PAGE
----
Mar

12

 1. Today was a classic in that the frustration aggression hypothesis of stock market movements was totally satisfied. The lead S&P had been above 1300 continuously since January 31 and had not set a new 20 day low since august 26 , 2010. It had set a within day low four times below 1300 in the previous two weeks but each time closed above. The Nikkei had been above 10000 since Nov 30, 2010. Thus the evil invisible hand of the market had not been satisfied. There were stimuluses that should have led to massive selling so the strong could capture profits from the weak but an inappropriate displaced response had occurred in Skinnerian terms. There was frustration that a proper response had been blocked. An aggressive displaced action in Dollard - Millerian terms, was required. It all happened at Midnight when the Nikkei broke 10000 for a minute and the stock market broke 1300 going down to 1278 thereby luring a whole medley of weak holders and fixed system people into doing the wrong thing. Okay, finally a appropriate response happened with all the breaks. Alternatively a climax occurred, and once it did everything was de rigeur again and the market promptly was ready to go it's merry driftingly way up.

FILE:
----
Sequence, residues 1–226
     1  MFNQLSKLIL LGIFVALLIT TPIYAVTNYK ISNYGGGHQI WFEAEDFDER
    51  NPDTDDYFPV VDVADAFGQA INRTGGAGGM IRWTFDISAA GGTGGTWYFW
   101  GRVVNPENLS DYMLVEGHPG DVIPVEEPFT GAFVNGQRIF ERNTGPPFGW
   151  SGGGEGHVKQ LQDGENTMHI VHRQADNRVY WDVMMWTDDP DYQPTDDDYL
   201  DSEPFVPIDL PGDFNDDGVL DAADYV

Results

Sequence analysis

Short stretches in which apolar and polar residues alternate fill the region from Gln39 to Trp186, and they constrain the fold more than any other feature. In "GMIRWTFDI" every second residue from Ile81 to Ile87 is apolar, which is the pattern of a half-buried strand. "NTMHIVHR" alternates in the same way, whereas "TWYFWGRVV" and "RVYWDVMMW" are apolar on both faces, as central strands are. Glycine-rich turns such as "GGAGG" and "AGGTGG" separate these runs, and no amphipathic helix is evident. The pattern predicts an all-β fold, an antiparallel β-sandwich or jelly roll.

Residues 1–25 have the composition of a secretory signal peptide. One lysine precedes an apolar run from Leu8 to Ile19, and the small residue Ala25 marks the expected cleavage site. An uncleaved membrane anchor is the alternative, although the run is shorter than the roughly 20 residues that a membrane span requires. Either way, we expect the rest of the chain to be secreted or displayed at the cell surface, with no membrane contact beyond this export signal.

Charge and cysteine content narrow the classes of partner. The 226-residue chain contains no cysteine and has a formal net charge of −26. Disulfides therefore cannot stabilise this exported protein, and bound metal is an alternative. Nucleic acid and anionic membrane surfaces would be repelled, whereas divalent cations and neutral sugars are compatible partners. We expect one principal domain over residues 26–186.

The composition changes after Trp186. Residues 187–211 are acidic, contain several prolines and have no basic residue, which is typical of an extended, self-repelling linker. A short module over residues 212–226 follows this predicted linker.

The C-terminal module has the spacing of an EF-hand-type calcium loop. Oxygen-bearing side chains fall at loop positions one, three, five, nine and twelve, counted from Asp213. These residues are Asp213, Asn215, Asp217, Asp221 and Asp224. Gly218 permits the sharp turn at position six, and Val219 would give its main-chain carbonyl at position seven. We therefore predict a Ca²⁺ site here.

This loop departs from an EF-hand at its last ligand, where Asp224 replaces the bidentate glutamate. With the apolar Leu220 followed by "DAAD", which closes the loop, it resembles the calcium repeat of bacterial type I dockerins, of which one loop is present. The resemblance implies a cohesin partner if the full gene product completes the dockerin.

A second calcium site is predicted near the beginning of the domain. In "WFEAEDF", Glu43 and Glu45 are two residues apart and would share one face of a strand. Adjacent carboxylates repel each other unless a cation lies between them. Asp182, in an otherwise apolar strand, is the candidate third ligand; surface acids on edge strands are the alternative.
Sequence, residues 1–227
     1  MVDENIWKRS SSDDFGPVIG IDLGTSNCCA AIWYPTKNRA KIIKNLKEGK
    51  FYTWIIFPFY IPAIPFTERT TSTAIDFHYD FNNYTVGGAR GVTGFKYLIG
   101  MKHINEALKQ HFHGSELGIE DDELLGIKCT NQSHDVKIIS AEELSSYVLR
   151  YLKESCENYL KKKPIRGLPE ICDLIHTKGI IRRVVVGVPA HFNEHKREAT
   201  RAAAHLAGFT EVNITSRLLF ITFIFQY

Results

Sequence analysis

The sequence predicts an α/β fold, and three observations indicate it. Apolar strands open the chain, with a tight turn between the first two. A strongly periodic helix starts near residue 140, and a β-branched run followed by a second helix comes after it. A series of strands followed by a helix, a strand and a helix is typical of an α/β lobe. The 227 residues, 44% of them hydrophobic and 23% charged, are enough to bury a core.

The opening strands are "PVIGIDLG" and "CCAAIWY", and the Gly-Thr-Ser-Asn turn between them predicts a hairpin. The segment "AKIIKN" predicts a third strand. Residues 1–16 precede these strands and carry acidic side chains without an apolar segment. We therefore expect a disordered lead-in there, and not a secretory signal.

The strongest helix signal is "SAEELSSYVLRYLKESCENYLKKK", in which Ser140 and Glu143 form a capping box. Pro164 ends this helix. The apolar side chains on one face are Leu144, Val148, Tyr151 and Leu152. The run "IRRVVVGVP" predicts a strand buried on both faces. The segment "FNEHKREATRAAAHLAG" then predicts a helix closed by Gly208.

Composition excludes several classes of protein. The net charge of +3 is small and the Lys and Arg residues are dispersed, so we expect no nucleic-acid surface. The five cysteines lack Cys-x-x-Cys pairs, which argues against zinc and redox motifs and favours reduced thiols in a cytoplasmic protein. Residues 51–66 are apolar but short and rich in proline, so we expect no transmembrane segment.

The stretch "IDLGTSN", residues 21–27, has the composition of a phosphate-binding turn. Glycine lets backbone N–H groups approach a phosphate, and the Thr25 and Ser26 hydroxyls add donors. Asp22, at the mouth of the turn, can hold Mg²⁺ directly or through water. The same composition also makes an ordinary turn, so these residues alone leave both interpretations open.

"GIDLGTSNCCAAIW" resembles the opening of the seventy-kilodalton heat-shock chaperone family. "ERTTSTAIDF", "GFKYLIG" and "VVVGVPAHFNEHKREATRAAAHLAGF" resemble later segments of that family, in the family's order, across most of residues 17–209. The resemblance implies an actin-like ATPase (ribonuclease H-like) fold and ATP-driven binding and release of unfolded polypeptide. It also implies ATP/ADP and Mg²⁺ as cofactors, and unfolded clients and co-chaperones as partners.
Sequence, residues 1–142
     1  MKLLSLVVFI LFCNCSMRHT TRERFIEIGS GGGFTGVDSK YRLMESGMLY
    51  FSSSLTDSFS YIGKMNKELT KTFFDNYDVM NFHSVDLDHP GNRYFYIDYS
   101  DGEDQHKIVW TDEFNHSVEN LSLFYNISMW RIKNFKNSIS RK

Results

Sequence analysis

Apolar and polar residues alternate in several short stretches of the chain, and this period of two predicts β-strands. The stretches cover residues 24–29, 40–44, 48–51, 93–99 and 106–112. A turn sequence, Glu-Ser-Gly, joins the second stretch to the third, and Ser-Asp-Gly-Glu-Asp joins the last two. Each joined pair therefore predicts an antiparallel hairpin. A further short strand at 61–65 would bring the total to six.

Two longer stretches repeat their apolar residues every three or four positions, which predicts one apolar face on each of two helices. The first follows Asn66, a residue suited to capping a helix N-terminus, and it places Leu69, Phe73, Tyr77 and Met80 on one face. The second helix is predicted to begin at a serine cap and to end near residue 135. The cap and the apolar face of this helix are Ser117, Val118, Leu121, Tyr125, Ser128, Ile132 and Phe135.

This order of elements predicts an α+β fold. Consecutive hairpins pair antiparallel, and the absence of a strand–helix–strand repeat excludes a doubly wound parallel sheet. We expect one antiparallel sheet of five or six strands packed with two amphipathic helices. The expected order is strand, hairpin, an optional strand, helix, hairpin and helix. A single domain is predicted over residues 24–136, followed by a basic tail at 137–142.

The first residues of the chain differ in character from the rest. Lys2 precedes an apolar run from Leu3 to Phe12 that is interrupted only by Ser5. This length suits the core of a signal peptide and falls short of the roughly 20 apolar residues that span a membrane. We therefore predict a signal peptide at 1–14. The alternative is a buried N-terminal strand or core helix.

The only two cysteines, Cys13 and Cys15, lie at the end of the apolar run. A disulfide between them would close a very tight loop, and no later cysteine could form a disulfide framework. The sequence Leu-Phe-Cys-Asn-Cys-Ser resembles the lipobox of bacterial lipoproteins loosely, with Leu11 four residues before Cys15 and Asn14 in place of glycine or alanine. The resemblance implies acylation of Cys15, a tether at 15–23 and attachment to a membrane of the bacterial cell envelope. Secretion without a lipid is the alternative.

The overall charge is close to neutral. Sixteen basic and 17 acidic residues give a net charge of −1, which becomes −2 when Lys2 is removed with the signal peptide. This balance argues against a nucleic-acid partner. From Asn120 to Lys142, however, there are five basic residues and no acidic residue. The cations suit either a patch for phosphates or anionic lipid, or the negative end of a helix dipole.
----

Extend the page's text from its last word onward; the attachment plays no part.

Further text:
2. Could there ever have been a day when a content analysis of the news would have been more negative with floods, earthquakes, tsunamis, war, and bad economic numbers galore. All we needed to put it at all time most negative was news that the president was holding firm on trading off an increase in the service rates in exchange for a reduced budget deficit. It shows the idiocy of the programs that monitor the news to get that ever so difficult trading edge.

Ken Drees writes:

Very beautiful summary. And notwithstanding the monster earthquake (which doomers prayed homage to since the 80s as the secret to knock the Nikkei to its knees– 25 years too late and still it didn't work) and on the eve of Friday trading, this seems to be masterful piece of frustrating market action.


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